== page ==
Computer: KVM Virtual Machine
Host CPU: Intel XEON E3-1220L Dual-Core 2.20GHz 3MB 5GT/s 20W ($216.44)
Host Motherboard: Supermicro X9SCL+-F MicroATX 
Operating Systems: Scientific Linux 6 
RAM: 1-Gigabyte ECC
Storage: Image File on Software Mirrored SATA Drives
Web Server: Apache 2 
SMTP Server: Postfix 
POP/IMAP Server: Dovecot 
Scripting: PHP and Perl 
Database: MySQL 5 
HTML Editor: BBEdit or Vim 
Graphics Editor: The GIMP 
Weather Source: NOAA 
Backup Software: rsnapshot 
Backup Power Supply: APC Back-UPS Pro 1100 


Server Name: Tiffin

This computer case was purchased from Fry’s in north Austin. It's now on its second motherboard, a Supermicro X9SCL+-F MicroATX, installed in December of 2011. The CPU is a low-power server chip, a 2.20GHz Intel XEON E3-1220L Dual-Core (that’s 20-watts maximum, under a full load). It’s still powerful enough to transcode and serve up hi-def videos on a Plex media server, another virtual machine that hosted on Tiffin.

Both the virtual machine host and guest run Scientific Linux and the equipment is located in a tiny server closet under the stairs in my home. When I need to work on them, I connect remotely by using SSH in a command-line terminal program or a VNC session.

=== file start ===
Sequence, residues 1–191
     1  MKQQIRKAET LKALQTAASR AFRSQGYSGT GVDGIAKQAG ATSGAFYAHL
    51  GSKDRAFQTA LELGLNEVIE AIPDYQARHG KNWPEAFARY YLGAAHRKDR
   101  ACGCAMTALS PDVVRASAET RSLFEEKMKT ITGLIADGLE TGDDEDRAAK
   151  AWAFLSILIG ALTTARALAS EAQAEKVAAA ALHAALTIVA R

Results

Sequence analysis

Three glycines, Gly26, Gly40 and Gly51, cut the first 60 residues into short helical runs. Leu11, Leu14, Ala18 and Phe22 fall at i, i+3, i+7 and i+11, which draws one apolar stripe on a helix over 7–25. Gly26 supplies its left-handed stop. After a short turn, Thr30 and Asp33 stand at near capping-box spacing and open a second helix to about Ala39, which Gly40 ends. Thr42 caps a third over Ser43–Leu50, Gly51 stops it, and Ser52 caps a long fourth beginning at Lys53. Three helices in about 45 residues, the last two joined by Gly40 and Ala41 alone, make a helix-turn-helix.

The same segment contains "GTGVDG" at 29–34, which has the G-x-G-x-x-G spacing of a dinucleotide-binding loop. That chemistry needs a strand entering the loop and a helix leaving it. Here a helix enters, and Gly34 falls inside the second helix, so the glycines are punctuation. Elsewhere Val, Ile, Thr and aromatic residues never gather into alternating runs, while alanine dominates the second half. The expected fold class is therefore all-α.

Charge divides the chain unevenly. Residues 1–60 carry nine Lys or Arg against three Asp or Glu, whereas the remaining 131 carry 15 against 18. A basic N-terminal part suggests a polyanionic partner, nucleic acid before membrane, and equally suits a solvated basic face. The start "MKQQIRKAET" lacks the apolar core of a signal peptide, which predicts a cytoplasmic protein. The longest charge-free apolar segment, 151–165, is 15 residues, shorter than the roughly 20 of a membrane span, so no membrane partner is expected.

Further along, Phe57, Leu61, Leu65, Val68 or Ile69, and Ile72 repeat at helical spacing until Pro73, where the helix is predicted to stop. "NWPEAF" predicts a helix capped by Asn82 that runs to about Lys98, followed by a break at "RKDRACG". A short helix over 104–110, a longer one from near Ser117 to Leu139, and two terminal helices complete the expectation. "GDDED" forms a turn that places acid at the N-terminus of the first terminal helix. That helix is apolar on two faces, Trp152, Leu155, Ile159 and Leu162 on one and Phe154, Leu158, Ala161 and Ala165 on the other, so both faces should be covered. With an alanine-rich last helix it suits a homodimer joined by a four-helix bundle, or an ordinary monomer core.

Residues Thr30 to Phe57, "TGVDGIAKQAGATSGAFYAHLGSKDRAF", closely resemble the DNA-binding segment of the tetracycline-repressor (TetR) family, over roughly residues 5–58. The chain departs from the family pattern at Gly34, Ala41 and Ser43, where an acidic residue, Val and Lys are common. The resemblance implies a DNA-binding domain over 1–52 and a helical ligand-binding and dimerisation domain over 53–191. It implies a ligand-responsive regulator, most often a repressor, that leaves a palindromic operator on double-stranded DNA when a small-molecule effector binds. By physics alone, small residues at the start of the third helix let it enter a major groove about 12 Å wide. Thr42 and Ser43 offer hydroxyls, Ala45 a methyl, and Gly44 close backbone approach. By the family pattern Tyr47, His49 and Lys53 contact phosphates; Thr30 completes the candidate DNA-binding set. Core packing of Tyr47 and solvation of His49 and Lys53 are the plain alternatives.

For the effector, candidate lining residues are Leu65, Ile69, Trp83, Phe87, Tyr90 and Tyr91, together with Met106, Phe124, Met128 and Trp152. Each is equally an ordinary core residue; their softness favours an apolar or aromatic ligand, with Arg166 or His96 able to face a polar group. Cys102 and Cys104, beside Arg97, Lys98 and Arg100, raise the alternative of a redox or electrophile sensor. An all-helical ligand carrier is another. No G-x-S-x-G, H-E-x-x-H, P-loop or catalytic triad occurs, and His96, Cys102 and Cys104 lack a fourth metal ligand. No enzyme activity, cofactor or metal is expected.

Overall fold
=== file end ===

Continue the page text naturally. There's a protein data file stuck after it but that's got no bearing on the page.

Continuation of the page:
My desktop computer is a Mac running OS X so, for copying or editing files, I sometimes connect to the server by using NFS. I use rsync to transfer files to and from the servers. Finally, I use rsnapshot to automatically backup the website every night.

I edit this site’s HTML/CSS content by hand using a commercial text editor, BBEdit (a favorite of mine since the mid-90’s), but every other facet of this web site is produced entirely with free software. By the way, the version of BBedit that I use was released in 2007 but it features a helpful syntax checker and can open/save files via SFTP so I keep chugging along with it. For system administration-type editing, I just use Vim.